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Foraged dandelion salad

Baba is someone who can make something out of nothing.

I’m not sure if you were aware that a few weeks back  (May 17) was Food Revolution Day – an extension of chef (and one of my culinary crushes) Jamie Oliver’s movement to have us all take the time to eat better and eat together. We celebrated at my office with a home-made pot luck.

 

I’ve been fortunate to have been raised in a family where food is important. My mom (Baba) is nurturer not just because of her heart and soul, but also because of her overwhelming innate desire to feed us. 

You see, for her, food is not just fuel, it is love, tradition and education around the table.

 

 

Baba is someone who can make something out of nothing. Friends drop by and miraculously a feast appears within an hour. And, it’s always made with good ingredients and care.

So it’s not surprising that on a recent weekend in the country, our food wizard, while walking in the woods was inspired to make an Old Country delicacy.  She emerged from the walking trail with an armful of tender dandelion shoots that had been growing in the dappled light.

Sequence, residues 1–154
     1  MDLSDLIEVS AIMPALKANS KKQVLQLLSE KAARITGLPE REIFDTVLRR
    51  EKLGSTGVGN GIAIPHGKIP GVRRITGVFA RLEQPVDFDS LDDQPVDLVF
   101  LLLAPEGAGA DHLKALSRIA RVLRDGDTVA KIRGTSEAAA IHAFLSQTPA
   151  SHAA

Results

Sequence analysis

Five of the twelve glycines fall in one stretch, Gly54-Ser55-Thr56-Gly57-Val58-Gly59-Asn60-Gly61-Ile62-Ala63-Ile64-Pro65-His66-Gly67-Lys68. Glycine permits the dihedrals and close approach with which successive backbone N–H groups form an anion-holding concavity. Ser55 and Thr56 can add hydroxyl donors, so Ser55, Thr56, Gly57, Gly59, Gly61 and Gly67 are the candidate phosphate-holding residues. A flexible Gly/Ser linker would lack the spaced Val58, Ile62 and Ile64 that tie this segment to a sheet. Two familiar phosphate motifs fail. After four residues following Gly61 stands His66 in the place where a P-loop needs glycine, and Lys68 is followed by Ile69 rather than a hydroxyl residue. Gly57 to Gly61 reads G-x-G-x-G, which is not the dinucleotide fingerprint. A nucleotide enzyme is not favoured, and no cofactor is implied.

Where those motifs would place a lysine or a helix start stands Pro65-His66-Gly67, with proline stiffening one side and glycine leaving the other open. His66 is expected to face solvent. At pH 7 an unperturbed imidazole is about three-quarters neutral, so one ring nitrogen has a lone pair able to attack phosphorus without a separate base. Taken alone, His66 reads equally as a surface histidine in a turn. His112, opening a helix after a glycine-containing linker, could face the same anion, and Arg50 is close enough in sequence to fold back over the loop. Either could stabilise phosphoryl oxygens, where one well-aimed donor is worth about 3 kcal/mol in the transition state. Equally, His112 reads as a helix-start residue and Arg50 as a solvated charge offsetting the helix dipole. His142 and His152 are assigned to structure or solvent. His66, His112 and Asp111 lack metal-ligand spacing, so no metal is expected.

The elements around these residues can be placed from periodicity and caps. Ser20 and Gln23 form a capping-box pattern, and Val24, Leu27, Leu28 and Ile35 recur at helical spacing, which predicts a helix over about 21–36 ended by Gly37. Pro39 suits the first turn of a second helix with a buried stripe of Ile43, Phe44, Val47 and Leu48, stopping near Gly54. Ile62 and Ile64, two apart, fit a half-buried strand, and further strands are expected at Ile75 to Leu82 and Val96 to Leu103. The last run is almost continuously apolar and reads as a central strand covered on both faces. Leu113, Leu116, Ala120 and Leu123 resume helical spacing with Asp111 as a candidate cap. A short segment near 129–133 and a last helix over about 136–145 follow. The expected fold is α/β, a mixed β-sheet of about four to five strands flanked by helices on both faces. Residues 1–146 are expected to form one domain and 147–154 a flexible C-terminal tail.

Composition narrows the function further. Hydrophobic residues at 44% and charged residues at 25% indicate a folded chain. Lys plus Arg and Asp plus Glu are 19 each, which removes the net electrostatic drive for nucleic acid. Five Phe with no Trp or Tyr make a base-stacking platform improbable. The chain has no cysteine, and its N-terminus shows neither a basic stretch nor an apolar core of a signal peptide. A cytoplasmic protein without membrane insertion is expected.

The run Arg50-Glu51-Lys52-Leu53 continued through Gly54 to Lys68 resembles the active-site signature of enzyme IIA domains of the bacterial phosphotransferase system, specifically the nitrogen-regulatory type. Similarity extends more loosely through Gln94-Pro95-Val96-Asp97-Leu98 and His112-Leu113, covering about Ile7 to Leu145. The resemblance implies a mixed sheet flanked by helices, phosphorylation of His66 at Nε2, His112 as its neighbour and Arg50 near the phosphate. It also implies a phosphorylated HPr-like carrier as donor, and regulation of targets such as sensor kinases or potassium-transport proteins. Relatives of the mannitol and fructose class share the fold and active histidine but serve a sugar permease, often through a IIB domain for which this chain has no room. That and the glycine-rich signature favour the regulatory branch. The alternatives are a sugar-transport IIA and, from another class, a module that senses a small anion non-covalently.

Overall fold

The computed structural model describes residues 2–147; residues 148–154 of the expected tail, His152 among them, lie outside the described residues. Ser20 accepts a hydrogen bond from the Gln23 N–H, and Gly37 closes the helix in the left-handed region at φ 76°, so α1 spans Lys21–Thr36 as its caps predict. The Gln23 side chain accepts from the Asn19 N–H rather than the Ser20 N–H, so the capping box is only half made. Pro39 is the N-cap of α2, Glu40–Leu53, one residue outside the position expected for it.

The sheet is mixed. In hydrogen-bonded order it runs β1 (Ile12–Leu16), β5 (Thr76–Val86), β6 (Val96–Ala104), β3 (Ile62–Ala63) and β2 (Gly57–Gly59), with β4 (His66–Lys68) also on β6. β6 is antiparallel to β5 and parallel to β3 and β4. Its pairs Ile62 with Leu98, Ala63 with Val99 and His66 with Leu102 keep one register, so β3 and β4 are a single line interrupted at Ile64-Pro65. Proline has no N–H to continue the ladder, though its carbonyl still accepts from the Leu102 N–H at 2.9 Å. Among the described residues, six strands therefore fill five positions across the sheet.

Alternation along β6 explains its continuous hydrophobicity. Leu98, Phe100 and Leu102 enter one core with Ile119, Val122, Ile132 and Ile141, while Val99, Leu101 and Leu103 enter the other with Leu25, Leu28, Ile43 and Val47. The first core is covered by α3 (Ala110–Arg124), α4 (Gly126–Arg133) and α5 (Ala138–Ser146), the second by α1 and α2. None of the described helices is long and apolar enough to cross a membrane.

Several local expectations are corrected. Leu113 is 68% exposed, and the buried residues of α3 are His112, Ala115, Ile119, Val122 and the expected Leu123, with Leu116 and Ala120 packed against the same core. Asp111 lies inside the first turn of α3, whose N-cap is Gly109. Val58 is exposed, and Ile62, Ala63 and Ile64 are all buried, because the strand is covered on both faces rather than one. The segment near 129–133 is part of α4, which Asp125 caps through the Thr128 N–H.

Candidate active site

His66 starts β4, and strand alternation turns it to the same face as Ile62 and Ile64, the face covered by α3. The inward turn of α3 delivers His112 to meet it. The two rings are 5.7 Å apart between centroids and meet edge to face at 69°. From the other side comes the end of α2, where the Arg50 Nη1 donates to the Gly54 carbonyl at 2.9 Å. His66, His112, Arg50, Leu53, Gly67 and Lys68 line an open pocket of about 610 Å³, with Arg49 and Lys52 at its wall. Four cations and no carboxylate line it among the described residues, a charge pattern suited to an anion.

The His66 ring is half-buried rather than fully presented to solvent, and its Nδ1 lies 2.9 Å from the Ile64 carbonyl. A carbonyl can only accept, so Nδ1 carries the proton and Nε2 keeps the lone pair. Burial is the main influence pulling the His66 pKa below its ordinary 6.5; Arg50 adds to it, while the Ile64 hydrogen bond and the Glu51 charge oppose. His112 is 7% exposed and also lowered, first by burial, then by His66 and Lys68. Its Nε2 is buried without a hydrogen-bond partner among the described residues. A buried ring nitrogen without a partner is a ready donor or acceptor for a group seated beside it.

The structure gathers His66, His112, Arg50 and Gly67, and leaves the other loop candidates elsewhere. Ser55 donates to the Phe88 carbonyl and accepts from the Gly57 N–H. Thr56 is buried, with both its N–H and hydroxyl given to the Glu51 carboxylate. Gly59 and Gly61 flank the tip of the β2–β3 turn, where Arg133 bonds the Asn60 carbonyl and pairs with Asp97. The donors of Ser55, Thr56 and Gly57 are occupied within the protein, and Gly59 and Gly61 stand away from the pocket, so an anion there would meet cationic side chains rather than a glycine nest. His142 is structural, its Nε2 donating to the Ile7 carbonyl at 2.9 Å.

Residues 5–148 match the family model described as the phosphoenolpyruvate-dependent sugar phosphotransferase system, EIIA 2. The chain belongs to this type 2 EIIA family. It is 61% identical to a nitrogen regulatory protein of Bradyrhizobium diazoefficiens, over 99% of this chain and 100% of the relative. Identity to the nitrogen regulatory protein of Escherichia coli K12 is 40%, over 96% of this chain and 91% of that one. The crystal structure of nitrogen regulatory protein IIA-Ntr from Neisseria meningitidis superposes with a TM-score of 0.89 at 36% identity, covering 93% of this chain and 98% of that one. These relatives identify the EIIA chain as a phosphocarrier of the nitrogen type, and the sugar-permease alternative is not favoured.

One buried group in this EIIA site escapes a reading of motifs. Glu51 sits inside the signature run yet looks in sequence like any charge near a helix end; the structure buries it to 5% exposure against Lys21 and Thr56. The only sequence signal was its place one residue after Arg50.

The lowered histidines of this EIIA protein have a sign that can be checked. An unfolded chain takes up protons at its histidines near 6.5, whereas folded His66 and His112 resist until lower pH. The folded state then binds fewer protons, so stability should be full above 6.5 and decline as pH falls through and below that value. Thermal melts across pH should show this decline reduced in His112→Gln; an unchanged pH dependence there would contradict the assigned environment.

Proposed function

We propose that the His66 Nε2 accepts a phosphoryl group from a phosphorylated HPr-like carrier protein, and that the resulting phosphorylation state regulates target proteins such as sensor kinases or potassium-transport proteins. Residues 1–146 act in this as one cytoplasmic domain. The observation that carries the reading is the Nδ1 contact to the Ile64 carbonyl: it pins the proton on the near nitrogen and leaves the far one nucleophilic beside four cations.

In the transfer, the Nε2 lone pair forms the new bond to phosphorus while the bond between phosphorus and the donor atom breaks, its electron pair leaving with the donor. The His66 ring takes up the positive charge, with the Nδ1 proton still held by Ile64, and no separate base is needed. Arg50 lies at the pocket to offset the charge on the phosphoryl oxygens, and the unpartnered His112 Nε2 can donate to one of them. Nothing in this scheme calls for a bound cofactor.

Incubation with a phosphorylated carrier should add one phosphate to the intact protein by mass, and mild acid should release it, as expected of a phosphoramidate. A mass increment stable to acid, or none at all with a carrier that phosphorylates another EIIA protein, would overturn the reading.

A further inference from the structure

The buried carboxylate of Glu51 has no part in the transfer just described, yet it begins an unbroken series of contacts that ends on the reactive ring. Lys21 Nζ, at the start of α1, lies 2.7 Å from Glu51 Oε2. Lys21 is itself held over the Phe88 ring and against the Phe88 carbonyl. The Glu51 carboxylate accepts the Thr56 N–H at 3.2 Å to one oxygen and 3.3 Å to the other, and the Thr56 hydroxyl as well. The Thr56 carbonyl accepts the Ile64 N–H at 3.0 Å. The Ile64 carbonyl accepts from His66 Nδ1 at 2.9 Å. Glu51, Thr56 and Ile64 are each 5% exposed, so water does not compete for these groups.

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Unlike some of the dandelion greens you can find in the supermarket, these first-crop-of-spring sprigs are light and delicate in flavour. They make a beautiful warm salad that Baba couldn’t wait to serve us.

 

Baba’s Dandelion Salad

  1. Start off by sautéing some sliced bacon (we didn’t have any on hand so we used prosciutto instead) in a bit of olive oil
  2. Add in a good portion of finely sliced onions of any sort (we used purple)
  3. Pour in a shot of some good balsamic vinegar (or whatever you have on hand)
  4. Once this has all softened, add in a rinsed can of beans (red kidney beans are best, but chick peas, navy beans are fine)
  5. Season with salt and pepper
  6. Turn all of this goodness into a bowl of washed and trimmed dandelion shoots
  7. Toss and serve

Live beautifully,

Cynthia

2 Comments

  • Definitely going to try this salad. Are the dandelion greens only good to eat if picked around the time of year you did this post? Or can they be harvested throughout the summer?

    • Hi Lisa,
      The dandelion greens are best when they are tender and young – as they grow and age, they become more bitter.

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